Better off north of the border

Scotland is leading the way in adult literacy and numeracy, according to a view from south of the border.

Speaking to adult literacy workers in the north of Scotland last week, Juliet Merrifield, the principal of an adult learners' centre in Brighton, said: "Over the past five years, Scotland has been developing a remarkable adult literacy and numeracy strategy, which makes it one of the most dynamic and exciting places in the world right now to be an adult literacy or numeracy practitioner."

More than 100,000 adults have improved their literacy and numeracy since 2001, according to a report last year from the Scottish Executive, which has committed pound;51 million over five years to tackle the problem. An estimated 800,000 adults in Scotland have problems with literacy and numeracy.

Dr Merrifield praised what she described as the "social practices" approach adopted in Scotland. This means rejecting the notion of a set of skills which can be applied everywhere and recognising that "different literacies" are required in school, in the home and at work.

She also commended the approach on developing people's capacities, on quality learning and on partnership approaches.

Scotland, she concluded, was building "a system that learns", based on feedback from learners as well as tutors.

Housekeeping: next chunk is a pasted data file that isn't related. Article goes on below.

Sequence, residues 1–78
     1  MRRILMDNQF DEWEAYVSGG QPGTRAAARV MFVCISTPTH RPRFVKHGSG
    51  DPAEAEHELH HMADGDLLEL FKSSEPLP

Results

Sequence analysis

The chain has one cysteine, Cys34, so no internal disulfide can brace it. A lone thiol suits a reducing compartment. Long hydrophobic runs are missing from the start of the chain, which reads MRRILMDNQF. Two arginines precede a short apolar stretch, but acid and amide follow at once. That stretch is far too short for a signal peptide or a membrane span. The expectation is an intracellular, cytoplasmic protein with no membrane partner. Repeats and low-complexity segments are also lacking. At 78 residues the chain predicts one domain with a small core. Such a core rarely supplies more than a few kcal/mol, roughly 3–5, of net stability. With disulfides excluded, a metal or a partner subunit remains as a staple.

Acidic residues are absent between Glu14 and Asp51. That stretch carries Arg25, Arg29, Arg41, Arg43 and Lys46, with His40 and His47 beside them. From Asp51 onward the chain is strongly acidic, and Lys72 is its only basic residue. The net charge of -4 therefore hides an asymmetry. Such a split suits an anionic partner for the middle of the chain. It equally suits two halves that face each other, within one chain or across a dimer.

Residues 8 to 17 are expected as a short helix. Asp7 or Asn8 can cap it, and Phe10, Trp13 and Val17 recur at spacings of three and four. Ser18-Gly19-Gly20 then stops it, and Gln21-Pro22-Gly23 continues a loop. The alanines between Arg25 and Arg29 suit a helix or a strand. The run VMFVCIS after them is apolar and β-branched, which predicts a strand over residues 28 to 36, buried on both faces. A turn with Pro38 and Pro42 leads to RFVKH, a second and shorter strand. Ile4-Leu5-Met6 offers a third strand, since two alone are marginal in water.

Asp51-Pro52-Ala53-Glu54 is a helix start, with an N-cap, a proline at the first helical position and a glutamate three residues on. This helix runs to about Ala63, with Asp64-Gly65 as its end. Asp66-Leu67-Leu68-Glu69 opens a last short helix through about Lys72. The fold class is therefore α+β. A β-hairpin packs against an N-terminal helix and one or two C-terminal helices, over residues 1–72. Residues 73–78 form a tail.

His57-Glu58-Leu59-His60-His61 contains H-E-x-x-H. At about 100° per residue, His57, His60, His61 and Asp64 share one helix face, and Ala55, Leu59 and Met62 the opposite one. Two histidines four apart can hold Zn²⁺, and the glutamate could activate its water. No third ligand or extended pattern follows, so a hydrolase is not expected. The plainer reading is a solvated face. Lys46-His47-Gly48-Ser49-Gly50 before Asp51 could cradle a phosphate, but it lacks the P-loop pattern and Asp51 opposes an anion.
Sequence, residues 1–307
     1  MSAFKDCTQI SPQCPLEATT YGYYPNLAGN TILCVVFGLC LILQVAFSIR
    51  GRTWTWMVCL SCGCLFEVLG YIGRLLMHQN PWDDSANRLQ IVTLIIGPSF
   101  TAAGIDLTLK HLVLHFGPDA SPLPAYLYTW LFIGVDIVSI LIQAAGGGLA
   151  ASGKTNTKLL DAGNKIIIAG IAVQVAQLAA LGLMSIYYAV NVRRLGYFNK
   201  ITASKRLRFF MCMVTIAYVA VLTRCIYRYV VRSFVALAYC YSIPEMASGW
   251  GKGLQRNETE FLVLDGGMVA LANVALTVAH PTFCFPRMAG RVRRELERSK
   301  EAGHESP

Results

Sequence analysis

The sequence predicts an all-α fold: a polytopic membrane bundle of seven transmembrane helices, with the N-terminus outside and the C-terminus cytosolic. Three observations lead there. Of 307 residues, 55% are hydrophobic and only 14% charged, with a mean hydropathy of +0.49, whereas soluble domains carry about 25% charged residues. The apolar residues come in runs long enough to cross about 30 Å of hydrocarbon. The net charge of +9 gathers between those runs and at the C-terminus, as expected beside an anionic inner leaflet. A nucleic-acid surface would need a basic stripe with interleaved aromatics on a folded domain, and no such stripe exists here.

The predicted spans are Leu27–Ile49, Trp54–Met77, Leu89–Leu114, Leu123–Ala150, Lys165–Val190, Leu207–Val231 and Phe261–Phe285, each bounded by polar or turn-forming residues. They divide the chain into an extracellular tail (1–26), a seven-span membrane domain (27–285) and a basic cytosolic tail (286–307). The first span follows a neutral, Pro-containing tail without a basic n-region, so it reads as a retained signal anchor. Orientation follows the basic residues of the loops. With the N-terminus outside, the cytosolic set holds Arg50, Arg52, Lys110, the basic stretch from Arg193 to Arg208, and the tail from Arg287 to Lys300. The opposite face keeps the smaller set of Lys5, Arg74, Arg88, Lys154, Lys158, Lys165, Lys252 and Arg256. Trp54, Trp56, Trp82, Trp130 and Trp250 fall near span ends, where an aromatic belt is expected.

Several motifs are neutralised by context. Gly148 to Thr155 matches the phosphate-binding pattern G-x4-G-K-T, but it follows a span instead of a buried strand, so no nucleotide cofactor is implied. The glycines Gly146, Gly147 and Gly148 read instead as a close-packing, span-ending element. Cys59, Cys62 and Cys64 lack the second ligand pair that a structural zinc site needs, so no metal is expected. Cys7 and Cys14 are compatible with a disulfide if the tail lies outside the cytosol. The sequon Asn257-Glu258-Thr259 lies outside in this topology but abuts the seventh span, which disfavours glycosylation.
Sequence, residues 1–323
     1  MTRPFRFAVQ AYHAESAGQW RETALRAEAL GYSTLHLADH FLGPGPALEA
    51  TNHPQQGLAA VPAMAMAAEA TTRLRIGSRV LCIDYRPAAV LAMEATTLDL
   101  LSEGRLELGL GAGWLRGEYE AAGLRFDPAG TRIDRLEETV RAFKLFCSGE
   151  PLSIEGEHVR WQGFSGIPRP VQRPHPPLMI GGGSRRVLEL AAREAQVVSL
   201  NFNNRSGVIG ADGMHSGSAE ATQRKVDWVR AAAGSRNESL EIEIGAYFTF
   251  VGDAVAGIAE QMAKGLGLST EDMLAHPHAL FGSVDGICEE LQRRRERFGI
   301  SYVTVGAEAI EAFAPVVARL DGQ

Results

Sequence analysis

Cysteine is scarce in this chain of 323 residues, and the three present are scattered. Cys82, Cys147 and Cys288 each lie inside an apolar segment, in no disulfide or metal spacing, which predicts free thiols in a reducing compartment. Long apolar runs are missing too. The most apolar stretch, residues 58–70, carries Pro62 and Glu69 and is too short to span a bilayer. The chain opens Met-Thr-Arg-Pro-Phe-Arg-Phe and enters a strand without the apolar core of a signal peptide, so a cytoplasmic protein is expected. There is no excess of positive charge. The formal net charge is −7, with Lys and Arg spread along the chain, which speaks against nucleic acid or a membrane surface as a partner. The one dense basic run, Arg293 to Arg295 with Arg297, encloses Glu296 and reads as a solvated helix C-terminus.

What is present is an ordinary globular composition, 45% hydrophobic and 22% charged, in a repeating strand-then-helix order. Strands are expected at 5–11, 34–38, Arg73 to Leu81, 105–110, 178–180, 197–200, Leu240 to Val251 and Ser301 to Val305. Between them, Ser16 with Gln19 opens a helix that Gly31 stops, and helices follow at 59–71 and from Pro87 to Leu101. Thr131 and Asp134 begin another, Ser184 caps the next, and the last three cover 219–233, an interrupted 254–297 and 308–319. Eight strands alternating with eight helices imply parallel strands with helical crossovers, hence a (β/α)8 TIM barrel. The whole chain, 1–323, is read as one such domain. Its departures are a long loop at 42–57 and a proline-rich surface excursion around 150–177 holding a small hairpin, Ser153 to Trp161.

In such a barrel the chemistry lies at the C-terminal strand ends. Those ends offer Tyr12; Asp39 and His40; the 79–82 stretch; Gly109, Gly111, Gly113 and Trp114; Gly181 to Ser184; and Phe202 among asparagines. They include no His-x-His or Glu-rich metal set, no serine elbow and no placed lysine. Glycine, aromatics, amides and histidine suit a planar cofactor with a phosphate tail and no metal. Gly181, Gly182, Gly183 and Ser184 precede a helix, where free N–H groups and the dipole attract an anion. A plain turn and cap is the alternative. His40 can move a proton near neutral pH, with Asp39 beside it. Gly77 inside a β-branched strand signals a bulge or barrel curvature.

Dr Merrifield said the three big challenges facing adult literacy in the western world were: what should be taught, how do we know people are learning and how can we be assured that public funds are well spent?

In terms of the curriculum, she acknowledged there was "tension between being student-centred - in which a person is learning what they want at a particular moment - and mastery-focused, which are ideas of what that person needs to know and be able to do".

In Scotland, the Executive is aiming for 150,000 new learners in literacy and numeracy by March this year.

The goal south of the border is to reduce the number of adults in England with literacy and numeracy difficulties to the levels of international competitors, which means from one in five adults to one in 10, or better.

A report soon to be published by the Commons public accounts committee of MPs will underline the scale of that challenge.

It estimates that nearly half the UK workforce, 12 million adults, has a reading age little better than children leaving primary school. An even greater number, 16 million, are struggling with numeracy at the same level.

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